A man's age and his sperm quality have a significant impact on a baby's development and the likelihood of conditions such as autism and Down syndrome, a university study has found.
The University of Otago says its analysis of research contained in 90 studies from around the world highlights how the risks associated with a man's age and fertility have long been overlooked.
The study by Otago's departments of zoology and anatomy of data taken from 94,000 patients from more than 30 countries found there are consistent age-related declines in semen volume and performance.
There are also age-related increases in malformed sperm or sperm with damaged DNA.
Semen quality is regarded as a proxy for how fertile a male is, and the study's lead author Sheri Johnson says the effects of declining semen and increasing age have largely been ignored due to inconsistencies in the literature.
"Our work now suggests that male age affects a variety of traits," said Dr Johnson.
"It is well recognised that reduced sperm performance can affect pregnancy success, but it is less well known that the quality of the sperm, particularly DNA quality, could affect the development and health of offspring."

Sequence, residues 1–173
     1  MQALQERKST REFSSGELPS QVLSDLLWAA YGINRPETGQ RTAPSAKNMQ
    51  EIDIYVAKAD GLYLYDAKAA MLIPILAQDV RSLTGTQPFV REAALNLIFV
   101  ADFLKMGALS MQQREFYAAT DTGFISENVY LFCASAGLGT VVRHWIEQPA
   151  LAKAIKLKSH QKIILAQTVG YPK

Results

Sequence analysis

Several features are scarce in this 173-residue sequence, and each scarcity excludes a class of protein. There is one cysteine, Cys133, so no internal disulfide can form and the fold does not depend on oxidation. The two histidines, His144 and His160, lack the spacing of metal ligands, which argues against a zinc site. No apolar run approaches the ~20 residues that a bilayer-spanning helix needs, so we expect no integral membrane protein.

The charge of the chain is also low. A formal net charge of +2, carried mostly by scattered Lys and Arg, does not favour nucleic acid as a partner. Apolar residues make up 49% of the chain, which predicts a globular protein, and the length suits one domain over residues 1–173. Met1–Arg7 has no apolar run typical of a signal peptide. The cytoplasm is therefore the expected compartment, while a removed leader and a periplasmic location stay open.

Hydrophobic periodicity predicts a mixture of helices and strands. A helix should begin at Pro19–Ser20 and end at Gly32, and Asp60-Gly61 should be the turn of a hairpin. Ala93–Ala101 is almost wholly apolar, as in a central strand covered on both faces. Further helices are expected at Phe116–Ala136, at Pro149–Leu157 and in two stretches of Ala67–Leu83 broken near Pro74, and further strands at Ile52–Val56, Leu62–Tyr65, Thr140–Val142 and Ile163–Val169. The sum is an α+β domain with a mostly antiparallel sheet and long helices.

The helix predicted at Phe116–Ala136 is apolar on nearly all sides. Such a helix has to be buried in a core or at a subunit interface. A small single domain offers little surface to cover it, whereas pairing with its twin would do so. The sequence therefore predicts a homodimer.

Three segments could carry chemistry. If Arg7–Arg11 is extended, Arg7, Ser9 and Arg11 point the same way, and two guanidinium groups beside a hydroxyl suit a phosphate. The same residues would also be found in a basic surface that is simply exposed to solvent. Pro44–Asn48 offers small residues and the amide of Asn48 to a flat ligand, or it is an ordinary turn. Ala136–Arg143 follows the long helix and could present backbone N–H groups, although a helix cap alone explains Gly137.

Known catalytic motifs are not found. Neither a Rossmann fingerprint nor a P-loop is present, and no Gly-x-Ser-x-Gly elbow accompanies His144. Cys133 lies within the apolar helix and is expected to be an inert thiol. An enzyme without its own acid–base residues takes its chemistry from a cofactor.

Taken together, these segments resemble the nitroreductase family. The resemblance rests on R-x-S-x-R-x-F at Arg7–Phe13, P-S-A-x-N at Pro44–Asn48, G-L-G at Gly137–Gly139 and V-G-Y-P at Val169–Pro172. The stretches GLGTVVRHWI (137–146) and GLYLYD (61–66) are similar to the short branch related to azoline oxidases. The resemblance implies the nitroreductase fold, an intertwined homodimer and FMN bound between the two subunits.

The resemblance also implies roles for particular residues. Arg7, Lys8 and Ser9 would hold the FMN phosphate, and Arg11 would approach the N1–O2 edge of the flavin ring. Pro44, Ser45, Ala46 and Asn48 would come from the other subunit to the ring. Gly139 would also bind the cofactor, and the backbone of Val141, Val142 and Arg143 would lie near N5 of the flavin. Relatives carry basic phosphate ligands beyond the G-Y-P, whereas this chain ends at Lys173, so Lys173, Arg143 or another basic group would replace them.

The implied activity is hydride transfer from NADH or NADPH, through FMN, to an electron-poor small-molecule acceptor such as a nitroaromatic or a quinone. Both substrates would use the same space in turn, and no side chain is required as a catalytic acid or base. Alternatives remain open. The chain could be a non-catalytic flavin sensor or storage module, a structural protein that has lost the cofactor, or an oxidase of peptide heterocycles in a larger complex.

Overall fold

The findings suggest further awareness is needed about how older males contribute to an increased risk of obstetric complications, miscarriage, and disorders such as autism, Down syndrome, epilepsy, and schizophrenia.
The study's authors say clinicians and the general public need to be aware of the risks associated with male age and fertility.
More accurate and consistent predictors of a man's fertility should be tested, not just commonly clinically measured traits such as semen volume, sperm concentration and total sperm count.
The study was published in the international journal Ageing Research Reviews.
source: newshub archive